This Weird Trick Lets Hackers Hide Phishing URLs

Some perfectly authentic looking web addresses are not what they seem and not all browsers are taking the problem seriously

Heres a challenge for you: you click on a link in your email, and find yourself at the website https://.com. Your browser shows the green padlock icon, confirming its a secure connection; and it says Secure next to it, for added reassurance. And yet, youve been phished. Do you know how?

The answer is in that URL. It may look like it reads apple, but thats actually a bunch of Cyrillic characters: A, Er, Er, Palochka, Ie. The security certificate is real enough, but all it confirms is that you have a secure connection to .com which tells you nothing about whether youre connected to a legitimate site or not.

The proof-of-concept domain was put together by Xudong Zheng, a security researcher who wanted to demonstrate the problem with the way domain names can be registered and displayed. For a long time, domain names could only be written in Latin characters without diacritics, but since 1998 its actually been possible to write them in other alphabets too. Thats useful if you want to register a domain name in Chinese or Arabic script, or even just correctly spelled French or German anything that can be represented with the Unicode standard can be registered, even emoji but its also opened up a whole new avenue of misdirection for malicious actors to take advantage of, by finding characters in other alphabets which look similar to Latin ones.

From a security perspective, Unicode domains can be problematic because many Unicode characters are difficult to distinguish from common ASCII characters, Zheng writes. It is possible to register domains such as, which is equivalent to It may not be obvious at first glance, but uses the Cyrillic (U+0430) rather than the ASCII a (U+0041). This is known as a homograph attack.

Some browsers will keep an eye out for such tricks, and display the underlying domain name if they sense mischief. A common approach is to reject any domain name containing multiple alphabets. But that doesnt work if the whole thing is written in the same alphabet.

Which is which? Photograph: Screengrab

Apples Safari and Microsofts Edge both still spot that Zhengs spoof domain is a fraud, but Google Chrome and Mozilla Firefox dont, instead displaying the Cyrillic domain name. And though it may be obvious in the Guardians font that somethings up, the sans serif typeface used as standard by those browsers leave the two indistinguishable.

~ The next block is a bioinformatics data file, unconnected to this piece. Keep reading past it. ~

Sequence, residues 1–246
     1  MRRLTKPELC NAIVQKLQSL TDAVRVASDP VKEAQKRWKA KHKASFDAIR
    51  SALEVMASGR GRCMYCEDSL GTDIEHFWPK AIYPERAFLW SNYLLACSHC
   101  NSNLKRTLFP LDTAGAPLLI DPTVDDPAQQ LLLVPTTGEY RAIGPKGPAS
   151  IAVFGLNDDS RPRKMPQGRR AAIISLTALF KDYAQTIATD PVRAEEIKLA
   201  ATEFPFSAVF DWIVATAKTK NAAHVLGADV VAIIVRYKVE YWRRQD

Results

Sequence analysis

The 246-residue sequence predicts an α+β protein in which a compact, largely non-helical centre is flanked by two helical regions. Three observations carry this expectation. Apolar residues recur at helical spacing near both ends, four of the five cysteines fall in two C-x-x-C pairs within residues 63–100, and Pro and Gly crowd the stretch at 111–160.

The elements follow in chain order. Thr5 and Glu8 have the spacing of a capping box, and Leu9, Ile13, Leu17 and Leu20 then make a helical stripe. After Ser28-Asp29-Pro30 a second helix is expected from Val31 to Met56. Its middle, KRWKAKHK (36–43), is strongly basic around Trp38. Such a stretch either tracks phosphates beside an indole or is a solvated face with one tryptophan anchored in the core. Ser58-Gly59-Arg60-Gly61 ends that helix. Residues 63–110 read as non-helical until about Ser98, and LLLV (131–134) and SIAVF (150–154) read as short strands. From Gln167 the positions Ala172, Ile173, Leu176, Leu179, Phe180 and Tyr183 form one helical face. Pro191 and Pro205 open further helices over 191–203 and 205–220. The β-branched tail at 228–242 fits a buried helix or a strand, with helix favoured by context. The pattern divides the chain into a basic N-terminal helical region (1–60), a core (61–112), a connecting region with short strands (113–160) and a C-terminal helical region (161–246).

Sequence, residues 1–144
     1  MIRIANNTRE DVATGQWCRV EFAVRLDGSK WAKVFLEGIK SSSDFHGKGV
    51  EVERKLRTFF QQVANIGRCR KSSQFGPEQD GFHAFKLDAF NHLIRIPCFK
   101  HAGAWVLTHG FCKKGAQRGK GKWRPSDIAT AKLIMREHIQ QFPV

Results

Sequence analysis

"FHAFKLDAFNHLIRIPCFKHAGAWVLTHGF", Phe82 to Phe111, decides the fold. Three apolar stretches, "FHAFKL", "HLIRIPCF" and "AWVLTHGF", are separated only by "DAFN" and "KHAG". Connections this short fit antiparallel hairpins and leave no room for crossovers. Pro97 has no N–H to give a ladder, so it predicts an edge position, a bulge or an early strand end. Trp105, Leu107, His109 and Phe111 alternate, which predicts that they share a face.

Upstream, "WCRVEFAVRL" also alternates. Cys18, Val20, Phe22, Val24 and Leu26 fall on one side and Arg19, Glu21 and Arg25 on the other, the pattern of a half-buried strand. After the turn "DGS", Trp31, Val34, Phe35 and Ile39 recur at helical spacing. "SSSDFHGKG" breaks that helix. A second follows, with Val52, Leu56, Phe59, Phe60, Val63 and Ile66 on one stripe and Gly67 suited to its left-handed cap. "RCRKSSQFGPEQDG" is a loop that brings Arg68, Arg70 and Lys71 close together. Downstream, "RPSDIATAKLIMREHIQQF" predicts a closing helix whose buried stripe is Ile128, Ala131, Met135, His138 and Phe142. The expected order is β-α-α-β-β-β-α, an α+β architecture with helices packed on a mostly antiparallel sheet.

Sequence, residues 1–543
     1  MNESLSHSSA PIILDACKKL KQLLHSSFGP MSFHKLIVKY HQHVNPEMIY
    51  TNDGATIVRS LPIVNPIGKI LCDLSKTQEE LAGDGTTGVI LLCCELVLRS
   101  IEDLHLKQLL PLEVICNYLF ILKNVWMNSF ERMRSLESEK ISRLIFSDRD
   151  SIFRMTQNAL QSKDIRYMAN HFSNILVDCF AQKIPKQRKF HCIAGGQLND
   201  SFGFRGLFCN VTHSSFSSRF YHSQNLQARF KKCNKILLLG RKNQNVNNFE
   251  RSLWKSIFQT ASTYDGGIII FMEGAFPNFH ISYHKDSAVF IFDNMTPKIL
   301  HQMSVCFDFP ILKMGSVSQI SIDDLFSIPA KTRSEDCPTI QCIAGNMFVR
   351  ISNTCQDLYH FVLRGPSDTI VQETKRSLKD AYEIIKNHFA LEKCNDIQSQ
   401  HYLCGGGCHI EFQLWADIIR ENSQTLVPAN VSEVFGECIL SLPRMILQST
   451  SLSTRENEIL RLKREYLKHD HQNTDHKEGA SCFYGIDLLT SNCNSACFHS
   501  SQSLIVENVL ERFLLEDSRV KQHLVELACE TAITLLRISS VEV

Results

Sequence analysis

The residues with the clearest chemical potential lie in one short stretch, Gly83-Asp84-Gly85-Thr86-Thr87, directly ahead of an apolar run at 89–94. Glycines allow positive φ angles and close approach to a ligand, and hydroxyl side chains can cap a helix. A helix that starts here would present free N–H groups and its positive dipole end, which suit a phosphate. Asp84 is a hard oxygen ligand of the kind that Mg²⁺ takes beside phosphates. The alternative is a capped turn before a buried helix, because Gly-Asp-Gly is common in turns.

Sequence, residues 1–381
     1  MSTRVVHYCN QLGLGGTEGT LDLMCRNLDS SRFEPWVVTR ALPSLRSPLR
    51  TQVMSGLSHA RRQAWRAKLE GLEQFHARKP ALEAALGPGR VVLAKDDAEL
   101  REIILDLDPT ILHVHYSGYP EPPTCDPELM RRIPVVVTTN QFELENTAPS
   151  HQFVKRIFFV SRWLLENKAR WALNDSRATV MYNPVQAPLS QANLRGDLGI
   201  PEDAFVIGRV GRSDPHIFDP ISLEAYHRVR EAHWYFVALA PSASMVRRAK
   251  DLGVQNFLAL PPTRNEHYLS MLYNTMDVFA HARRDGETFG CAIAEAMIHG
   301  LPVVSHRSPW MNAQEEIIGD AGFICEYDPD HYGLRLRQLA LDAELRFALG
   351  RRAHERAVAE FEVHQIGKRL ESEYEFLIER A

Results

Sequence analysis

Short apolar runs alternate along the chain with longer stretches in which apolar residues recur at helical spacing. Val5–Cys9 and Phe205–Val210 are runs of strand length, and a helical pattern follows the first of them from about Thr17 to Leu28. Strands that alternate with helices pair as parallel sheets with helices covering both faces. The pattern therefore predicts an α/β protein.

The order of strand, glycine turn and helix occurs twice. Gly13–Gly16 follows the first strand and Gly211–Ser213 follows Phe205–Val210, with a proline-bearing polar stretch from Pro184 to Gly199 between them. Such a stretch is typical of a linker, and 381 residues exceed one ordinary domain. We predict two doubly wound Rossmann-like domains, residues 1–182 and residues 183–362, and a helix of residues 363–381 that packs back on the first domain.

Zheng says: This bug was reported to Chrome and Firefox on January 20, 2017The Chrome team has since decided to include the fix in Chrome 58, which should be available around April 25. Mozilla, however, declined to fix it, arguing that its Apples problem to solve: it is sadly the responsibility of domain owners to check for whole-script homographs and register them. Google didnt comment beyond referring to Zhengs blogpost, and Mozilla didnt comment at publication time.

Itsik Mantin, director of security research at Imperva, said that common advice to web users falls down when such simple attacks work. In order to protect website users, forcing them to use strong passwords and to replace them frequently is insufficient, since in this case it would be completely ineffective to prevent the attack.

Instead, he said, a better approach begins by assuming that phishing attacks will succeed: Site administrators should assume that the credentials of some of their users were stolen (which in almost 100% of the cases will be true), and take adequate measures to identify account takeover, like irregular device, irregular geo-location or abnormal activity in the account.

Zheng himself offers advice to users: use a password manager, and try and spot phishing attacks before you click on any links. In general, users must be very careful and pay attention to the URL when entering personal information. Until this is fixed, users should manually type the URL or navigate to the site via a search engine when in doubt.

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